Sections 217, 218, and 219, give an outline of the advance within recent years in growing the native and foreign persimmons in this country, and their propagation. In West Europe the climate does not favor the introduction of fruits that need a high summer temperature except under glass. Hogg does not mention it in his" Fruit Manual," and De Candolle does not include it in his origin of cultivated plants, yet for many years the Japan varieties have been cultivated in West Europe under glass, especially the variety Costata, which bears a handsome orange yellow fruit the size of large apricots. Bur- 1 bidge said of its fruits in 1878: "The fruit is delicious, with a flavor like apricots." In the south of France too, in 1882, the writer saw plantations of a Japan species or variety under the name of Diospyros | Mazeli loaded with medium-sized orange red fruit, which I think is identical with the Mazelli grown in Georgia. The fruits from this source are seen in the market in Paris and Berlin wrapped in tissue-paper like oranges, and meeting with ready sale. In this country, prior to the introduction of the Japan varieties select native ones of our two American species, Diospyros Virginiana and D. Texana, were propagated and planted from the Gulf north to Ohio and New Jersey, and some of these are yet grown on account of their superior quality.

At the present time the Japan varieties (Diospyros Kaki) are attracting much attention in sections of the South where the thermometer does not fall below ten degrees above zero. In the coast region, from Norfolk southward, and quite generally in the cotton belt, they reach perfection of tree and fruit. By budding or grafting them above ground on native stocks their culture has been extended northward to New Jersey and South Ohio, but they suffer during severe winters. At this period varieties are being introduced from North Japan and from China. Hon. Charles Denby, the United States Minister to China, sent scions of hardier Chinese varieties to the Department of Agriculture, which were lost by drying during the voyage. But the seeds he sent at the same time grew, and about three hundred seedlings have been sent out for trial. Some of these may extend the culture of large and good varieties northward. Recent attempts have also been made, we are told, to introduce the hardy and good varieties of south Central Asia. As the Japan varieties bear when only from two to four years old, and the fruit is set so abundantly that thinning is needed to keep up needed size and to prevent the trees breaking down, the production of train-loads for market in. congenial climates is easily possible. But it is a new fruit and our people must be educated to its use. The round or flattened varieties with dark flesh, such as the Mazeli, will prove most profitable for market here, as has already been experienced in France, as they are sweeter, less astringent, and can be eaten before they are entirely softened. These varieties can also be picked when hard, and will ripen up in the crates like tomatoes. In the near future the best varieties will be shipped, wrapped in tissue-paper, as in France, and instruction given the grocers not to expose for sale until in the proper condition for dessert use.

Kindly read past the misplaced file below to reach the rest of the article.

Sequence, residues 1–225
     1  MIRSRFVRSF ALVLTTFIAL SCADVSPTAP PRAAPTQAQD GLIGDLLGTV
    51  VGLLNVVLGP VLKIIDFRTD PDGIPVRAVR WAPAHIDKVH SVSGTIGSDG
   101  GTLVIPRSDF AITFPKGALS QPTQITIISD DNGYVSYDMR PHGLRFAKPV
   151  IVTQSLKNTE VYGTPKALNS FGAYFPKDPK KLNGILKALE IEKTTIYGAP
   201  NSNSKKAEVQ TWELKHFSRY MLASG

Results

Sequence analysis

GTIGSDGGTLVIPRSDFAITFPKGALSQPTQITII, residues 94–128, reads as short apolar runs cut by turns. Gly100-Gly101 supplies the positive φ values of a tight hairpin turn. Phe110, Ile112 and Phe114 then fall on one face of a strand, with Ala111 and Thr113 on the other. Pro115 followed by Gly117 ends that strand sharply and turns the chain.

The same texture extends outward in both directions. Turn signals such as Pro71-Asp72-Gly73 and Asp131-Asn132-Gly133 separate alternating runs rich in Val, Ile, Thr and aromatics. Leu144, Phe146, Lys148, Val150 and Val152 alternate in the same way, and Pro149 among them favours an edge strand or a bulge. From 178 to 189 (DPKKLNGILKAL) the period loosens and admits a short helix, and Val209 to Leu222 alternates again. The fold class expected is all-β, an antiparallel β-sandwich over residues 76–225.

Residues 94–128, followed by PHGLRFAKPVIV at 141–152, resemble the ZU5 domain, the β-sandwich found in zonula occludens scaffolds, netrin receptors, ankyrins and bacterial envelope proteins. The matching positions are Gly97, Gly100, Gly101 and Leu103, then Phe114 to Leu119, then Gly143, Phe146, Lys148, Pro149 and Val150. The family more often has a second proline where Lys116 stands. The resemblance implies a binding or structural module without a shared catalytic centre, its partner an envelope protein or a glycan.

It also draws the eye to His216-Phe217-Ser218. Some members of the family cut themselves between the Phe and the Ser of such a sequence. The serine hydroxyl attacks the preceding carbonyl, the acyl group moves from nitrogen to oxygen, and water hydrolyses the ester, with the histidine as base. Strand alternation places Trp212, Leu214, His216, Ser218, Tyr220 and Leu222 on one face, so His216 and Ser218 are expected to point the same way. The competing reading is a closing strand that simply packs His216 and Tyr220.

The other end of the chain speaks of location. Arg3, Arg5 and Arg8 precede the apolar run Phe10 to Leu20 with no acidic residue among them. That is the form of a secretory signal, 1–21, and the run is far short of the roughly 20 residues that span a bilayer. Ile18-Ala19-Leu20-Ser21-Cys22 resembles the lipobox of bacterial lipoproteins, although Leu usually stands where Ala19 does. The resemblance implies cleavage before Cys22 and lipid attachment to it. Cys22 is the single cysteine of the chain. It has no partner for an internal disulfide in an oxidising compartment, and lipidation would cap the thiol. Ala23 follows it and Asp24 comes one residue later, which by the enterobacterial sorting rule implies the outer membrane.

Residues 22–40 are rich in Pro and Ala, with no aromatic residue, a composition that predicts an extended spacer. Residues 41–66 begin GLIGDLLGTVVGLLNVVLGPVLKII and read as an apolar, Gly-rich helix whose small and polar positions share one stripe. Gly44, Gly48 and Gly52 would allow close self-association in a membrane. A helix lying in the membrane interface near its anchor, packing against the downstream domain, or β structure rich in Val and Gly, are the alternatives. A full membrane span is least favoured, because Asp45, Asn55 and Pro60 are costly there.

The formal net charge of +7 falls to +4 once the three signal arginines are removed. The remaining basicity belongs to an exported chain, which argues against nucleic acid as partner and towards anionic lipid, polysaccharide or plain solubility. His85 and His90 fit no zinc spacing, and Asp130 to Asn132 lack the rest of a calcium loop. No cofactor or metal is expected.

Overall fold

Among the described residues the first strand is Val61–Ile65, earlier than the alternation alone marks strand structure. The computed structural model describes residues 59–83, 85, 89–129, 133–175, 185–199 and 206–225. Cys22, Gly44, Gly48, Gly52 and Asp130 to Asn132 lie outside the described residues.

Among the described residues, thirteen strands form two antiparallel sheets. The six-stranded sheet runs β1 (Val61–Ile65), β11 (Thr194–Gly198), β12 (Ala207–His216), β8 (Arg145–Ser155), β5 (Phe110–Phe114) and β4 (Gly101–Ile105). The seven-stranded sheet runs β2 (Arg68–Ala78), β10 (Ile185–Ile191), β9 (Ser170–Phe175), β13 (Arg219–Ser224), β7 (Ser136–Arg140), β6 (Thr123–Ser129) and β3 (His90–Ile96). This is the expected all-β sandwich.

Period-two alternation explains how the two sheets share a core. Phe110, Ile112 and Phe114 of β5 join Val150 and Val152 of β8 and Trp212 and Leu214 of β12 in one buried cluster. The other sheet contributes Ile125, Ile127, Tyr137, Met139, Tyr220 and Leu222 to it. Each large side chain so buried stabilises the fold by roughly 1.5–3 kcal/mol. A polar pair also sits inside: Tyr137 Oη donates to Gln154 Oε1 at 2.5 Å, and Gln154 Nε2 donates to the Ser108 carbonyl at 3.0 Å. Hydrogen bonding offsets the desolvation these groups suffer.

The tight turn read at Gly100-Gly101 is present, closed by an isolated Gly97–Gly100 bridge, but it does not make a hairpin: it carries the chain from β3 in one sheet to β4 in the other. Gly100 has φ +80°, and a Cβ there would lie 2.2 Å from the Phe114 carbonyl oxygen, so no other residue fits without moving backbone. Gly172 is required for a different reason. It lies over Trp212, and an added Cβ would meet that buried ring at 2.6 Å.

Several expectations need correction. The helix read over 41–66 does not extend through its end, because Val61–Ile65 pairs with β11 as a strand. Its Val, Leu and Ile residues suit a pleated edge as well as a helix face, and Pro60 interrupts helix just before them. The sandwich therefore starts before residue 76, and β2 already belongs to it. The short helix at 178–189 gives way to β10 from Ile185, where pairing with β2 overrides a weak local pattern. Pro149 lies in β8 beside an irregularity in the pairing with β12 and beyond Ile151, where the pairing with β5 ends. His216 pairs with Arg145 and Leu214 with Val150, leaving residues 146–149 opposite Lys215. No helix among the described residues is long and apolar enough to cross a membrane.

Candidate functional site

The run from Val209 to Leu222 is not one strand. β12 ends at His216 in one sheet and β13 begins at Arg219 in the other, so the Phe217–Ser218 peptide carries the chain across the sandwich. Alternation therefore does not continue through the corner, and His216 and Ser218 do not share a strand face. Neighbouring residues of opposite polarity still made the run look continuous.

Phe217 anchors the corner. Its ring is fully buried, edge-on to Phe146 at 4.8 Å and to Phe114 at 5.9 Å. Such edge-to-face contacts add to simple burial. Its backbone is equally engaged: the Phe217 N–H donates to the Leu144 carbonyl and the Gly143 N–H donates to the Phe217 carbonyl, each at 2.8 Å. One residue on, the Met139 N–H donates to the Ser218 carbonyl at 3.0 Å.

When grown in larger quantity the best varieties will also be dried like figs. The writer, in connection with many American visitors, at the great commercial fair at Nishni-Novgorod in 1882, decided that the dried and pressed Asiatic persimmons were far more delicious and healthful than the Adriatic figs prepared in the same way.

The earlier varieties of these persimmons mature gradually. Hence growers go over the plantations several times at intervals, selecting the fruits in proper condition for shipment. This is easy after a little experience, as the color varies in ripening with great uniformity, and the shape changes. The seedlings of this species usually develop only male flowers during the first three years of growth. Later some pistillate flowers appear. The select varieties are supposed to be perfect in flower, but increased experience has shown the gain in mixed planting of varieties, as with most highly developed fruits; but when varieties are mixed in planting the effects of cross-pollination appear on the fruits to a remarkable extent. Berckmans, of Georgia, says: "This variation in the color of the flesh has caused some confusion in reaching a correct nomenclature." The heavy and continuous bearing of the Japanese varieties has so retarded the growth that rather close planting is recommended not exceeding twenty by twenty-five feet each way. The Texana varieties are still smaller in growth and can be planted closer. Under cultivation the varieties of the Virginiana species make large trees with great spread of top, and should be planted accordingly, and the same is true of the Asiatic varieties of the Lotus type when introduced. Propagation by crown-grafting on transplanted native seedlings, and top-working on native stocks is given in Section 219 briefly. The writer's experience and observation lead to the belief that it is quite as easy to bud or graft as the pear, plum, and cherry, if the side-graft plan is adopted (86).